Blood levels of lutein and zeaxanthin were estimated based on diet and food intake questionnaires administered throughout the study period and the bioavailability of the carotenoids in the foods eaten. Associations between these scores and development of AMD were then determined.

At the end of the study period, there were 1,361 cases of intermediate AMD and 1,118 cases of advanced AMD ( visual acuity of 20/30 or worse) among the study participants. Comparing the incidence of macular degeneration among participants with lutein and zeaxanthin scores in the top 20 percent versus those with scores in the bottom 20 percent, the researchers "found a risk reduction for advanced AMD of about 40 percent in both women and men" among those whose diets contained the most carotenoids. Also, predicted plasma scores for other carotenoids — including β-cryptoxanthin, alpha-carotene and beta-carotene — were associated with a 25 to 30 percent lower risk of advanced AMD when comparing these same subgroups.

The study authors concluded the results of the study "further strengthen the evidence base for a protective role of lutein and zeaxanthin" (against macular degeneration). They also said, "Because other carotenoids may also have a protective role, a public health strategy for increasing the consumption of a wide variety of fruits and vegetables rich in carotenoids could be most beneficial and compatible with current dietary guidelines."

The study, published online in October 2015 by the American Medical Association journal JAMA Ophthalmology, was conducted by scientists affiliated with the following institutions: Department of Nutrition, Harvard T. H. Chan School of Public Health (Boston, Massachusetts); Warren Alpert Medical School, Brown University (Providence, Rhode Island); Department of Epidemiology, Brown School of Public Health (Providence, Rhode Island); Brigham and Women’s Hospital, Harvard Medical School (Boston); and University of Utah School of Medicine (Salt Lake City).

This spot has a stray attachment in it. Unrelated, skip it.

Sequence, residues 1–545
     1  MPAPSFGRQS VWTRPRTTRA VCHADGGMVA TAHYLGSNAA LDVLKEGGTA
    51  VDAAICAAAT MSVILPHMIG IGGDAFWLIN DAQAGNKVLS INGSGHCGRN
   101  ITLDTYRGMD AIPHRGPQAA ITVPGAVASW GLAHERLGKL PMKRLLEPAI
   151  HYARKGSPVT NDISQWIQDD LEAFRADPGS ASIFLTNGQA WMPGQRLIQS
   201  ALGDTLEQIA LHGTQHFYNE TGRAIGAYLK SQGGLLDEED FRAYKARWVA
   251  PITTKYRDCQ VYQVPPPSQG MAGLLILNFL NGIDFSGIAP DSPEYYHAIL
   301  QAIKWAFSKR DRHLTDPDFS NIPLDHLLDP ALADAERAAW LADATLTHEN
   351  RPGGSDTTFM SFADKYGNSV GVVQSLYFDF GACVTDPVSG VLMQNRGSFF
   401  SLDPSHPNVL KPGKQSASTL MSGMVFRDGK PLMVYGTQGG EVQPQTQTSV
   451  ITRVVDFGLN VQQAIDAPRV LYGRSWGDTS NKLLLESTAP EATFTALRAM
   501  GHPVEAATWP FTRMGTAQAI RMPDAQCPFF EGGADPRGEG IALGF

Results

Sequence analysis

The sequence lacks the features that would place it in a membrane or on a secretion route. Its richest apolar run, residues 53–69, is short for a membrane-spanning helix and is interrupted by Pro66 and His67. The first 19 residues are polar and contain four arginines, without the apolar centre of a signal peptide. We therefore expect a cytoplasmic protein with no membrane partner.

Due to poor eating habits, American children of all ages (and especially adolescents) are missing key nutrients. That’s the conclusion of Purdue University nutrition researcher Heather Eicher-Miller, PhD, during her presentation at a meeting of the Institute of Food Technologists in July 2015.

It can be particularly challenging for adolescents to meet their nutritional needs because of accelerated physical growth during this stage of life and because teens make more independent food choices that often lack key nutrients, according to Dr. Eicher-Miller.

She and her Purdue colleagues conducted a review of research on nutritional gaps in children over the last 10 years. They found kids in the U.S. frequently were deficient in vitamins A, D, E and K (found in green vegetables), calcium and magnesium.

In a study by Purdue University researchers, 16 young men ate three versions of a salad containing tomatoes, carrots, romaine lettuce, baby spinach and Chinese wolfberries (also called goji berries). One version had no egg; the second version had one and a half scrambled whole eggs; and the third had three scrambled whole eggs.

Eating the cooked eggs increased the absorption from three- to nine-fold of the carotenoids in the vegetables, including beta-carotene, alpha-carotene, lycopene, lutein and zeaxanthin. (The egg yolks also contain lutein and zeaxanthin.) Many carotenoids are considered eye health boosters.